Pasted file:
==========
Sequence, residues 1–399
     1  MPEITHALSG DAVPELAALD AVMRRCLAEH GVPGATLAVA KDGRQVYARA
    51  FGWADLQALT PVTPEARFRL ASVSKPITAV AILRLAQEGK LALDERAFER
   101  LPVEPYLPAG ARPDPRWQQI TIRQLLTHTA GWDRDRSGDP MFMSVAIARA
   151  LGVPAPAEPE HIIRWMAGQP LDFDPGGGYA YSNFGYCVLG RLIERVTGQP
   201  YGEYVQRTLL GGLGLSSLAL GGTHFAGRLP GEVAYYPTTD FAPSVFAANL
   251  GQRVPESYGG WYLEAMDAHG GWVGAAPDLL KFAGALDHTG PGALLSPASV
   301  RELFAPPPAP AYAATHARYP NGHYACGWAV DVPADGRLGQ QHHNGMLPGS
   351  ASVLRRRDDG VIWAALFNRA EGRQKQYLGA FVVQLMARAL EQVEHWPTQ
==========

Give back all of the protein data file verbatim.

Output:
Sequence, residues 1–399
     1  MPEITHALSG DAVPELAALD AVMRRCLAEH GVPGATLAVA KDGRQVYARA
    51  FGWADLQALT PVTPEARFRL ASVSKPITAV AILRLAQEGK LALDERAFER
   101  LPVEPYLPAG ARPDPRWQQI TIRQLLTHTA GWDRDRSGDP MFMSVAIARA
   151  LGVPAPAEPE HIIRWMAGQP LDFDPGGGYA YSNFGYCVLG RLIERVTGQP
   201  YGEYVQRTLL GGLGLSSLAL GGTHFAGRLP GEVAYYPTTD FAPSVFAANL
   251  GQRVPESYGG WYLEAMDAHG GWVGAAPDLL KFAGALDHTG PGALLSPASV
   301  RELFAPPPAP AYAATHARYP NGHYACGWAV DVPADGRLGQ QHHNGMLPGS
   351  ASVLRRRDDG VIWAALFNRA EGRQKQYLGA FVVQLMARAL EQVEHWPTQ